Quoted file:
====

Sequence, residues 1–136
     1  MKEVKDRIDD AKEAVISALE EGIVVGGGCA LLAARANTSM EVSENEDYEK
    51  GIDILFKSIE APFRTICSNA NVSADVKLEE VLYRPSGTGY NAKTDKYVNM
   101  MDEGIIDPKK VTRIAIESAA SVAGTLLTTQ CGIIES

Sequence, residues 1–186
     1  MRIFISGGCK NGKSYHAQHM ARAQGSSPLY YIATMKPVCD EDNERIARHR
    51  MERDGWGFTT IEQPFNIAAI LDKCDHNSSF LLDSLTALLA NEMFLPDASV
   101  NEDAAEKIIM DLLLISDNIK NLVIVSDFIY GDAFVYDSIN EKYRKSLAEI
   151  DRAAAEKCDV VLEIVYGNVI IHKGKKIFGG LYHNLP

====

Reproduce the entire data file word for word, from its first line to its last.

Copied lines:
Sequence, residues 1–136
     1  MKEVKDRIDD AKEAVISALE EGIVVGGGCA LLAARANTSM EVSENEDYEK
    51  GIDILFKSIE APFRTICSNA NVSADVKLEE VLYRPSGTGY NAKTDKYVNM
   101  MDEGIIDPKK VTRIAIESAA SVAGTLLTTQ CGIIES

Sequence, residues 1–186
     1  MRIFISGGCK NGKSYHAQHM ARAQGSSPLY YIATMKPVCD EDNERIARHR
    51  MERDGWGFTT IEQPFNIAAI LDKCDHNSSF LLDSLTALLA NEMFLPDASV
   101  NEDAAEKIIM DLLLISDNIK NLVIVSDFIY GDAFVYDSIN EKYRKSLAEI
   151  DRAAAEKCDV VLEIVYGNVI IHKGKKIFGG LYHNLP